Colombia Peace Deal With FARC Guerrillas Sparks Outrage
MARY LOUISE KELLY, HOST:
Now to Colombia, where under a 2016 peace treaty, the country's largest guerrilla group known as the FARC has disarmed. In many remote areas, though, criminal gangs are fighting over the lucrative illegal drug trade FARC used to control. As John Otis reports, this violence has forced thousands of people from their homes.
UNIDENTIFIED CHILD: (Speaking Spanish).
JOHN OTIS, BYLINE: This public school in the jungle town of El Charco now houses 360 homeless people, many of them children. They fled their hamlet on Colombia's Pacific coast, a seven-hour boat ride from here, after gun battles broke out between rival drug gangs. Only five villagers stayed behind. Among the newly displaced is schoolteacher Ruth Delgado.
RUTH DELGADO: (Speaking Spanish).
OTIS: "The whole village was traumatized," she says. "We feared there'd be more fighting and that we would be killed, so we decided to leave and seek protection."
MILTON CUERO: (Speaking Spanish).
OTIS: They came to El Charco because it's the largest town in this remote patch of southwest Colombia that's mostly rainforest, mangrove swamp and deserted coastline. Now El Charco's mayor, Milton Cuero, is scrambling to provide the newcomers with food, clothing and mattresses.
CUERO: (Speaking Spanish).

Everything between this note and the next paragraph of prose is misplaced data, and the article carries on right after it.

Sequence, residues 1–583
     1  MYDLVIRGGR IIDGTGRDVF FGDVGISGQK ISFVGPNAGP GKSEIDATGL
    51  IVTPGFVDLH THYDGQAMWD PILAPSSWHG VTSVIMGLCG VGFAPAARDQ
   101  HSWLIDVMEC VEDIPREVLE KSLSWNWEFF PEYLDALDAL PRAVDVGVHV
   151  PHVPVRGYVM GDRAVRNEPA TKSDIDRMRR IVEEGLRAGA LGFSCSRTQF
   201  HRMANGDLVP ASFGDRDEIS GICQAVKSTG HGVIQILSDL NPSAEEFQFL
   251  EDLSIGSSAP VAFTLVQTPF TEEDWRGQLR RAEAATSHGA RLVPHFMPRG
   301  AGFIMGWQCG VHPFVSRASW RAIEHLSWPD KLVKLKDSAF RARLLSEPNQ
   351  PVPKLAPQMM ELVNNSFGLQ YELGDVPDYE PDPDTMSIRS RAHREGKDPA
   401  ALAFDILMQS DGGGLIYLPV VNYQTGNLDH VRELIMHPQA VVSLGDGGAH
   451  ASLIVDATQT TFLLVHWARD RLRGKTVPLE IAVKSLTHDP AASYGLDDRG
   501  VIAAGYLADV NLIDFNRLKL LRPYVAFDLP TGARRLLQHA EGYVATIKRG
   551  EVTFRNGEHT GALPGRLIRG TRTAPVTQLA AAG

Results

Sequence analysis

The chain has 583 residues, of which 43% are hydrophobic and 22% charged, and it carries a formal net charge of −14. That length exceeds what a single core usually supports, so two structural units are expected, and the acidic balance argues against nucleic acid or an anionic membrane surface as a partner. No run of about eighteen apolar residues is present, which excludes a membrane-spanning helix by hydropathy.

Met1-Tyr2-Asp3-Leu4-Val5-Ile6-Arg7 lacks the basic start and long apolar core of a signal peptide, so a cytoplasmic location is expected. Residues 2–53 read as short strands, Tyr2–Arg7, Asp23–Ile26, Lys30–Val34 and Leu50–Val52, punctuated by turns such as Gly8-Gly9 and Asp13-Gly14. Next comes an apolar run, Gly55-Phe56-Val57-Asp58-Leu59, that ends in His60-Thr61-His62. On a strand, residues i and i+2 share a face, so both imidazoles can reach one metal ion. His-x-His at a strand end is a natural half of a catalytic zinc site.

OTIS: Cuero says that under the peace treaty that disarmed the FARC guerrilla group, the army was supposed to provide security to El Charco and to other areas that were once dominated by the rebels. But, Cuero says, that hasn't happened.
UNIDENTIFIED PERSON #1: (Speaking Spanish).
OTIS: Instead, new armed groups, including some former guerrillas, have moved in to take over cocaine trafficking routes previously controlled by the FARC. Adam Isacson is a Colombia analyst at the Washington Office on Latin America.
ADAM ISACSON: And very quickly, new groups popped up. Mid-level commanders of the FARC who had pretty good ties to the narco-economy moved back in because they decided not to demobilize. And within a year, really, you had violent contestation of control of these very, very lucrative trafficking routes.
OTIS: Home to coca fields, cocaine laboratories and fleets of drug-running boats, the Pacific coast is now ground zero for Colombia's cocaine trade. But Isacson says that the new armed groups also covered the land for illegal gold mining and other lucrative activities.
ISACSON: Now, who's on that land - people who've probably lived there for generations. They are in the way. They are independent. They can - often they're well-organized, especially if they're ethnic communities. So they want them out.
OTIS: Since the peace treaty was signed, more than a quarter of a million Colombians have been uprooted from their homes by the fighting according to the U.N.
UNIDENTIFIED PERSON #2: (Speaking Spanish).
UNIDENTIFIED PERSON #3: (Speaking Spanish).
OTIS: To pacify the Pacific coast, the Colombian government recently sent in thousands of troops, including this joint police-army squad that patrols jungle rivers in and around El Charco. But as newcomers, they lack good intelligence and are unfamiliar with the terrain.
(SOUNDBITE OF WATER SPLASHING)
OTIS: Tonight they've been tipped off that smugglers may be loading cocaine from a nearby dock. They go ashore and try to sneak up on them.
(SOUNDBITE OF DOG BARKING)
OTIS: But a pack of barking dogs gives away their position. When they reach the dock, it's empty.
DELGADO: (Speaking Spanish).
OTIS: Back at the school, Delgado says that she and her family will not go back to their village until security improves. But it appears that may not happen anytime soon. For NPR News, I'm John Otis in El Charco, Colombia.
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